How feasible this would be for Biden depends greatly on which party gains control of the Senate. This question still hangs in the balance as the Georgia Senate race remains undecided.

Many Republicans and Democrats alike believe that such relief would be unfair—both to graduates who may have already paid off their student loans by themselves and those who never attended college in the first place due to its high cost. However, alongside providing millions of Americans with the financial relief to recover from our COVID-19 damaged economy, an executive order to relieve any amount of student debt would be monumental federal recognition of the crippling cost of college tuition—recognition that is a necessary first step to combating the ever-rising costs of public universities.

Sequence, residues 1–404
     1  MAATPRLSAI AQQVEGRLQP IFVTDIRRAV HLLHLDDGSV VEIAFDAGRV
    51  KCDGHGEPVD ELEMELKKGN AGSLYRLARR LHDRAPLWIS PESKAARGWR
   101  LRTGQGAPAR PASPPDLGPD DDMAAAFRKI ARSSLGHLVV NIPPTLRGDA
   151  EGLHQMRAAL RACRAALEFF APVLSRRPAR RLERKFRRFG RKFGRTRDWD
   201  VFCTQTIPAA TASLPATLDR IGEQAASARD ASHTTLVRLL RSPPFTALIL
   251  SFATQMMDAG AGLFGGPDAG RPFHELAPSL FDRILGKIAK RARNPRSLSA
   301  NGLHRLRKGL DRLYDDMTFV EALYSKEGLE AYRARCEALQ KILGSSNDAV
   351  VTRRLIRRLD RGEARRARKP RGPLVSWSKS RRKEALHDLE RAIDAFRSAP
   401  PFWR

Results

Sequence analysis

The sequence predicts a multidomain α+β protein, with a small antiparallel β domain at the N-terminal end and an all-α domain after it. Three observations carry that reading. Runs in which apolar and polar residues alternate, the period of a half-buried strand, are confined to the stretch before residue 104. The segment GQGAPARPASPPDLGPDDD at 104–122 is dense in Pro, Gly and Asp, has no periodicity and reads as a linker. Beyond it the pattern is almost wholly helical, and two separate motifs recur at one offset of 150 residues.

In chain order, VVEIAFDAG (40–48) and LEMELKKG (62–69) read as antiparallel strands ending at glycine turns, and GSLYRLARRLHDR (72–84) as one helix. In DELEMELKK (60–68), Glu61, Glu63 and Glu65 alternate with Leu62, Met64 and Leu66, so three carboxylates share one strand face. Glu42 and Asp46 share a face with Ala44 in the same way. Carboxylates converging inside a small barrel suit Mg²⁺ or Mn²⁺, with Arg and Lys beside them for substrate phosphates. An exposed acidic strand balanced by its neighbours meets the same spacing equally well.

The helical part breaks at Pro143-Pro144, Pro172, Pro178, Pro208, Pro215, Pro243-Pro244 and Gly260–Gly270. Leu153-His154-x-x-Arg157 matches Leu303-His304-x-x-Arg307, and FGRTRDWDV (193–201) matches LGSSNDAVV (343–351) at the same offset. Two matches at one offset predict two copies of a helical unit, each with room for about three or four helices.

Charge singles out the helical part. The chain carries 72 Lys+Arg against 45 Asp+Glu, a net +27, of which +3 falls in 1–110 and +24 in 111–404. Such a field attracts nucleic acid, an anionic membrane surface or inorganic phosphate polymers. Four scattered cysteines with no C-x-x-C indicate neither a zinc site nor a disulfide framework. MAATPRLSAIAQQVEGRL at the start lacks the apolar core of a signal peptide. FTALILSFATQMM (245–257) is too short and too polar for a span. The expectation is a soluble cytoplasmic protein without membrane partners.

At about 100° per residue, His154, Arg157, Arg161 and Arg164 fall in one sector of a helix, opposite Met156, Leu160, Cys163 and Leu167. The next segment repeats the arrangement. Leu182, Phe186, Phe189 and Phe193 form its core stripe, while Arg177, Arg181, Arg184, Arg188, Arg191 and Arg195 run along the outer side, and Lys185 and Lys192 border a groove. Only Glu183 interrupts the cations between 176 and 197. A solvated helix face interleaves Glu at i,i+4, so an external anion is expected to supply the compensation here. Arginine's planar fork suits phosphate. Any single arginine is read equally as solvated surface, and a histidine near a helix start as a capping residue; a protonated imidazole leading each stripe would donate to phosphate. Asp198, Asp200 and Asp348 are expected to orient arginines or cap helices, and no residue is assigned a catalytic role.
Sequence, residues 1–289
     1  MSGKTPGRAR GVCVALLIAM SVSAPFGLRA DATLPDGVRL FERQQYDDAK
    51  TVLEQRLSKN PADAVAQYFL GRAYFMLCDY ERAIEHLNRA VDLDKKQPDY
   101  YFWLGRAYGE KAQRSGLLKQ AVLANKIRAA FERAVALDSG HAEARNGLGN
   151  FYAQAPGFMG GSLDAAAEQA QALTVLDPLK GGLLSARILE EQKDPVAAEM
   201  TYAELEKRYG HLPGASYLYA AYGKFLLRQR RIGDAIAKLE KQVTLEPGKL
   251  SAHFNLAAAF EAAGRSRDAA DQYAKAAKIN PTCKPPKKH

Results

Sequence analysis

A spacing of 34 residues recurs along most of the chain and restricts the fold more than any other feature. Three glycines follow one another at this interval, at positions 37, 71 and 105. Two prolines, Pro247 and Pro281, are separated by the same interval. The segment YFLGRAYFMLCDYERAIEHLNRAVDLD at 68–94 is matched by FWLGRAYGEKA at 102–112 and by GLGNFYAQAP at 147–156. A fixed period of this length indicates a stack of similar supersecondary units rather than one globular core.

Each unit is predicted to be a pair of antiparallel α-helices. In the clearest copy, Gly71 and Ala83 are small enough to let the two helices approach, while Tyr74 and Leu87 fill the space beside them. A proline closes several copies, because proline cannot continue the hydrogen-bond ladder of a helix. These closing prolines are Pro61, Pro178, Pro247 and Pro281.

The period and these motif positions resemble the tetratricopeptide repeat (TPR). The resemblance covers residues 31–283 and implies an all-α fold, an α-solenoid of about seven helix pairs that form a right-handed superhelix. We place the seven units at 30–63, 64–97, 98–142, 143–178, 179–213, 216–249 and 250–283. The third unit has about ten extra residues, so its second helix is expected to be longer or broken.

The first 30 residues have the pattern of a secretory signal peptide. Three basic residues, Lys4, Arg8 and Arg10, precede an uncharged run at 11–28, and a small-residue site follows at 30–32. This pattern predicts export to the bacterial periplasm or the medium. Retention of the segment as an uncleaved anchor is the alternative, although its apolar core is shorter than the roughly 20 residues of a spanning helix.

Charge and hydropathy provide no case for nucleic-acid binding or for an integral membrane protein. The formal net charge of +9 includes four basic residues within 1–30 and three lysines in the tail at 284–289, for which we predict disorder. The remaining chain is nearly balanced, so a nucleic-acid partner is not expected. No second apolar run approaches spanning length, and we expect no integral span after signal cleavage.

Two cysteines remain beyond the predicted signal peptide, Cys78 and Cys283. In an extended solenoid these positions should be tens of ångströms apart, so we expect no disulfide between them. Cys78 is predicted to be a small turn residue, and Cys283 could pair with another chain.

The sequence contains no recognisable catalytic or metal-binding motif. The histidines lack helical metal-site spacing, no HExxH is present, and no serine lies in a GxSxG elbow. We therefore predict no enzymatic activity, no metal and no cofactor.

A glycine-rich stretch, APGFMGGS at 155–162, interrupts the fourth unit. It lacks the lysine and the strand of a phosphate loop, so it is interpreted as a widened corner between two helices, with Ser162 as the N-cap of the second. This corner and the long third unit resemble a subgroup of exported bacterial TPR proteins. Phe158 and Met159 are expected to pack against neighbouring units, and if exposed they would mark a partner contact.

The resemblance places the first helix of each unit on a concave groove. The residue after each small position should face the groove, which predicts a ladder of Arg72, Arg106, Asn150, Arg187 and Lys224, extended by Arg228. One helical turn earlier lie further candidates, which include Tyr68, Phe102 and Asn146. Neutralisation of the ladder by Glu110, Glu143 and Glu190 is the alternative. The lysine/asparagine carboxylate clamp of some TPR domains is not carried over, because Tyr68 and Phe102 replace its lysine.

According to a Georgetown University study, tuition and fees at public four-year colleges and universities has grown 19 times faster than the median family income since 1980. Financial aid, too, is rarely enough to mitigate this cost as students are granted $8,793 per year for financial aid on average. This varies greatly, however, by student and school.

Yet, college has proven to be an incredibly beneficial investment for low-income students. According to a Pew Research study, for a child raised in poverty, a college education can provide a 90% chance that they will escape poverty. For shrinking the ever-growing wealth gap in this country, education may be one of the best investments.